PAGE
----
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Main Street and Madison Ave Should Applaud Netflix on Their Decision to Open Up to Advertising, Even as Wall Street Looks Down On It

by Pam Zucker, April 28, 2022
Main Street and Madison Ave should Applaud Netflix

Agility is one of the skills most often cited as a prerequisite for succeeding in today’s business landscape. We usually associate that skill with people. But the true measure of business success is when a company can demonstrate agility. Agility can also be a euphemism for “needed business turn-around” when it comes to business not meeting Wall Street expectations. I for one want to applaud Netflix for its recent announcement to open up their inventory to advertising. I do not consider this a pockmark on their success or a negative commentary on their business acumen. It is true that Netflix stock is down to $211.52 as of noon on 4.21.22; down from their 52-week high of $700.99. That’s a 70% drop. Many may look at this as a business in decline. I, however, choose to see a business willing to pivot and recognize their competitive landscape. A business willing to risk failing (in the eyes of Wall Street, not Main Street) to leap ahead.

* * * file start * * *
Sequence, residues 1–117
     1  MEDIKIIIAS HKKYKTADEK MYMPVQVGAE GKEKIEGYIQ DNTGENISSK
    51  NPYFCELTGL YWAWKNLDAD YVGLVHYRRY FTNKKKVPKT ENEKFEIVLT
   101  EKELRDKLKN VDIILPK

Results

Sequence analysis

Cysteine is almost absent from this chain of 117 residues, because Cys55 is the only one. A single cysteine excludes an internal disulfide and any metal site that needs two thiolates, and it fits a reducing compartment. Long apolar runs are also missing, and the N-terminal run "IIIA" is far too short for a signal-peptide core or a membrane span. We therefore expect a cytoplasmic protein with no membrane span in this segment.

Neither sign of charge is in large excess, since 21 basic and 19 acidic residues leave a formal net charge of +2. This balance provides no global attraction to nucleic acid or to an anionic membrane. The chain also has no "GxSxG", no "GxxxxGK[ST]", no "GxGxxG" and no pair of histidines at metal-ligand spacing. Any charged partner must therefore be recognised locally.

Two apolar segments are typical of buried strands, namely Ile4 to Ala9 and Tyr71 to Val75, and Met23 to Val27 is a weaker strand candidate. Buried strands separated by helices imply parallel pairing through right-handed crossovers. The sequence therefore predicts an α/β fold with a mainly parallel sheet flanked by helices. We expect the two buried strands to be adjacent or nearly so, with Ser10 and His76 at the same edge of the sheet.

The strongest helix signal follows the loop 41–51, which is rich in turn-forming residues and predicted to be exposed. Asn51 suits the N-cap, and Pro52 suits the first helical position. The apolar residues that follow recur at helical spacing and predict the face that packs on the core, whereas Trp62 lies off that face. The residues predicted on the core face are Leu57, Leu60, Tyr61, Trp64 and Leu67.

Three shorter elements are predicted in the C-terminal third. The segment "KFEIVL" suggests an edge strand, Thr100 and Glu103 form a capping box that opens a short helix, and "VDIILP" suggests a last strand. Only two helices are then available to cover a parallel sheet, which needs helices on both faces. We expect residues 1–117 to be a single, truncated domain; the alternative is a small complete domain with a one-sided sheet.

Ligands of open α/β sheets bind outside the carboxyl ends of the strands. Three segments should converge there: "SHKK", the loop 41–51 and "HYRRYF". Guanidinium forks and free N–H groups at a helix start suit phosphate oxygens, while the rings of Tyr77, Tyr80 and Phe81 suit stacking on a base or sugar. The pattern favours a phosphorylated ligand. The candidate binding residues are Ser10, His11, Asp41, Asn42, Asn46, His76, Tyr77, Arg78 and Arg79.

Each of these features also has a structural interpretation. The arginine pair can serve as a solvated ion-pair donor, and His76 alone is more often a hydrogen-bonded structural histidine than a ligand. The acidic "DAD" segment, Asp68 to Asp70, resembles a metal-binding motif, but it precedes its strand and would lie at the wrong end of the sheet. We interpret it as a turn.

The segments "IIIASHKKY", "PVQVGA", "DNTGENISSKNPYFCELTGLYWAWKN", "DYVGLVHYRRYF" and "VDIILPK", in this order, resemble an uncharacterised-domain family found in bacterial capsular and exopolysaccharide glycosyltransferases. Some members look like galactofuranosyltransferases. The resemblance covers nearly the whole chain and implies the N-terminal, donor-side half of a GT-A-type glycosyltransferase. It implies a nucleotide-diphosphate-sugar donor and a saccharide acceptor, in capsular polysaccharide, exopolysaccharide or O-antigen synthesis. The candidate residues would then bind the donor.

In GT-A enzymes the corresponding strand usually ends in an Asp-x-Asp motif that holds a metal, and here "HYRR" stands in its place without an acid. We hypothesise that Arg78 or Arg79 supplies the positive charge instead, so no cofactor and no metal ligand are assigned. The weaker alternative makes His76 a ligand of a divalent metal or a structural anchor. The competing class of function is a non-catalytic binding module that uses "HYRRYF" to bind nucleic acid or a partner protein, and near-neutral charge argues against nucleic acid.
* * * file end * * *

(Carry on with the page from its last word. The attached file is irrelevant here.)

It is the sign of leadership when you can pivot when you are on top. Netflix has a history of successful pivots. They began as a DVD mail rental business in 1998 – a distant player to industry leader Blockbuster. By 1999, they introduced a subscription model, a revolution in the industry. In 2007, they offered streaming beyond mailing DVDs, well ahead of consumer’s adoption. At the time they understood where the business was going. By 2011, they went all-in on streaming.  And in 2013 they began creating original content, using algorithms and data to understand and then predict consumer taste and agreed to go from concept to two-year production deals based on their confidence in the data. A monumental mindset shift versus traditional programmers. I would agree that the use of data to understand consumer sentiment towards unknown content desires is revolutionary in an industry that still green lights and produces content like they did in the 1950s. Proof of their success can be found each week when Nielsen publishes a list of the top 10 originals, acquired titles, and movies across all streaming platforms by minutes viewed. Out of the 30 possible slots across the three categories, more than 2/3rd routinely go to Netflix. {Source: MoffetNathanson’s Quarterly US SVOD Tracker (1Q 2022)}. In addition, out of the 16 Emmy nominations in this past year for Best Drama and Best Comedy, the most nominations – five – went to Netflix. Netflix has been well ahead of the curve since their inception. And I look at this latest announcement as another demonstration of their agility and willingness to take calculated risks.

Netflix is a clear leader in the streaming wars today. See data from MoffetNathanson’s Quarterly US SVOD Tracker (1Q 2022).